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Uzbekistan President: Homosexuality 'Vulgar Western' Manifestation

Uzbekistan President: Homosexuality 'Vulgar Western' Manifestation

Uzbekistan President: Homosexuality 'Vulgar Western' Manifestation

The Central Asian country is one of two former Soviet states that still criminalize homosexuality.

Pictured: Karimov (left) and Russian President Putin

The collapse of the Soviet Union led to a liberalization of the region, with the newly established Russian Federation decriminalizing homosexuality in 1993. While recent years have seen rising intolerance towards the LGBT population in Russia, legal hurdles remain far less severe than those that continue to hold sway in two former Soviet states. Same-sex activities for men are illegal in both Uzbekistan and Turkmenistan—punishable by up to three and two years, respectively—and the Uzbek President, Islam Karimov, remains outspoken in his antagonism.  

In a televised address, Radio Free Europe reports Karimov saying:

"We talk about so-called Western culture. We call it vulgar culture. You know what I mean. It's inappropriate even to speak about this in front of women. When men live with men and women live with women, I think there must be something wrong up here [pointing to his head]. Something is broken here. There is a saying: When God wants to reveal someone's vulgarity, he first takes his reason away."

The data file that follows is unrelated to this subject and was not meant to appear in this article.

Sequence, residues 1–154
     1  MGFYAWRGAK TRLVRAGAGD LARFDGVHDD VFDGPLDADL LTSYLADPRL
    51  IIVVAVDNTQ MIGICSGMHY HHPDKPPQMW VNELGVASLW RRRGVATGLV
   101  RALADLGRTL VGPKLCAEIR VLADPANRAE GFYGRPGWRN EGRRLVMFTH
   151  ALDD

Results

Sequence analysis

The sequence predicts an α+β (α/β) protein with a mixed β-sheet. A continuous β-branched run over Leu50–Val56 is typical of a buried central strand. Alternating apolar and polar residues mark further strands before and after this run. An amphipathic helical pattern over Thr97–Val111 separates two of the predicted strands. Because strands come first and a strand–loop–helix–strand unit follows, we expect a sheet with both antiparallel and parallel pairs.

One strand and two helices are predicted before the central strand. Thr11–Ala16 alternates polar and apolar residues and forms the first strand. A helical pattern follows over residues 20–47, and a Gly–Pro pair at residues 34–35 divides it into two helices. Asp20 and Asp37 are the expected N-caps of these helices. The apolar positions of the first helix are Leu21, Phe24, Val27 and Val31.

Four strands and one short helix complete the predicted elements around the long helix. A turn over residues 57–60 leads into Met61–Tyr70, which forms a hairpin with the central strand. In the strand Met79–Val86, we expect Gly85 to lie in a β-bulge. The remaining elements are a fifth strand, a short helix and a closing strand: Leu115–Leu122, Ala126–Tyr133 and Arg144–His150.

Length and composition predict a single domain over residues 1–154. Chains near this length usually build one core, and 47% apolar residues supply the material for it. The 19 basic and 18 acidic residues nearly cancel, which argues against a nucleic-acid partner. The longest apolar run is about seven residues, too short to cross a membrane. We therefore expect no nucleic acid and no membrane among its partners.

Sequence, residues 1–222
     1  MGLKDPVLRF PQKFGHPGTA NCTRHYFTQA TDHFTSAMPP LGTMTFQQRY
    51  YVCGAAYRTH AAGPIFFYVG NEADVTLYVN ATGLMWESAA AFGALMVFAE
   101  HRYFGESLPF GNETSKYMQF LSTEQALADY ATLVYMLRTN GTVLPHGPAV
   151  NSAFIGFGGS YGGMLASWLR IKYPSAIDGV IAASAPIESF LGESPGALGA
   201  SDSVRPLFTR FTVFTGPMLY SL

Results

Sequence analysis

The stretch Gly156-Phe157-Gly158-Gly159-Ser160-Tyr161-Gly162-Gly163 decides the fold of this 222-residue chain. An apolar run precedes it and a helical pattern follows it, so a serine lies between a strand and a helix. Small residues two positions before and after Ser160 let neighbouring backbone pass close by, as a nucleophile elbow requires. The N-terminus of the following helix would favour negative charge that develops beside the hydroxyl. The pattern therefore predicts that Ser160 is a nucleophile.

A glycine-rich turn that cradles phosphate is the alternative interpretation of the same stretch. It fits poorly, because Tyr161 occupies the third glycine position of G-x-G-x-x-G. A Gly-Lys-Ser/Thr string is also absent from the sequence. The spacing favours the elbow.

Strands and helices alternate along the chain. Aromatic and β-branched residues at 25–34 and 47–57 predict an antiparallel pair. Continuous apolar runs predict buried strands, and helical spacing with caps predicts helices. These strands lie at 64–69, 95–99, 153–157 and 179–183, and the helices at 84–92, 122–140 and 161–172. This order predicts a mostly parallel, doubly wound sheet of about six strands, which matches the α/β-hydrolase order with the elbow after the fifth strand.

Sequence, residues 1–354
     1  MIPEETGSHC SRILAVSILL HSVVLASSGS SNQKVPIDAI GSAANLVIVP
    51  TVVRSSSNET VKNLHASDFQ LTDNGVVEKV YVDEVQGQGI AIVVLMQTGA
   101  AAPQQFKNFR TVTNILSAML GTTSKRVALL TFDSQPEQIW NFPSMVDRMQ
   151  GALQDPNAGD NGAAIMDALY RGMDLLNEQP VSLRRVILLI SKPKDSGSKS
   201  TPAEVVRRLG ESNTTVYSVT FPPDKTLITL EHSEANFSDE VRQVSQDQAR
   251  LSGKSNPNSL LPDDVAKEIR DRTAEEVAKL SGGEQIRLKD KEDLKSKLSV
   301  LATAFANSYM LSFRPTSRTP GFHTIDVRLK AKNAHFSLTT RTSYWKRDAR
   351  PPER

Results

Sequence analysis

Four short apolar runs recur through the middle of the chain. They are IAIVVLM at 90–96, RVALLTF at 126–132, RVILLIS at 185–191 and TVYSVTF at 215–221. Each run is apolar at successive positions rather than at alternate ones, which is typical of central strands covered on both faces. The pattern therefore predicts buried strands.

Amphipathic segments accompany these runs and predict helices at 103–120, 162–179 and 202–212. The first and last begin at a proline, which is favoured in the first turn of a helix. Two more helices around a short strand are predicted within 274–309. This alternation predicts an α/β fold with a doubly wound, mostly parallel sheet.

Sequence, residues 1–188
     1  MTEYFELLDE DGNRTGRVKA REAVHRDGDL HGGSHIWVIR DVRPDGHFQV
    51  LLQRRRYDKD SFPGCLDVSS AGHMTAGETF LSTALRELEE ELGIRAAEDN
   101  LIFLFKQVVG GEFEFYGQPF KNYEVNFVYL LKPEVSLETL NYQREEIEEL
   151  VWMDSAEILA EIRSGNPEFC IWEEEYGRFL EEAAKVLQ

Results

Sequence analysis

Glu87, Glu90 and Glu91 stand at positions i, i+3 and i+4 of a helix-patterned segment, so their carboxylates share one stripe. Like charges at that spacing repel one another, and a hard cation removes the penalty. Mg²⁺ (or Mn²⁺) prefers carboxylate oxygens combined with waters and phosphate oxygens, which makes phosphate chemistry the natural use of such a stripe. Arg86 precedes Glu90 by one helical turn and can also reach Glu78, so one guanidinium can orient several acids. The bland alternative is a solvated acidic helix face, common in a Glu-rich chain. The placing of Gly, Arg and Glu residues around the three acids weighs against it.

Following Russia's passage of an anti-LGBT "propaganda" law in 2013, a number of former Soviet states have moved to adopt similar measures. Kyrgyzstan is excpeted to pass one such bill within a matter of weeks. 

Photo via Wikipedia

 

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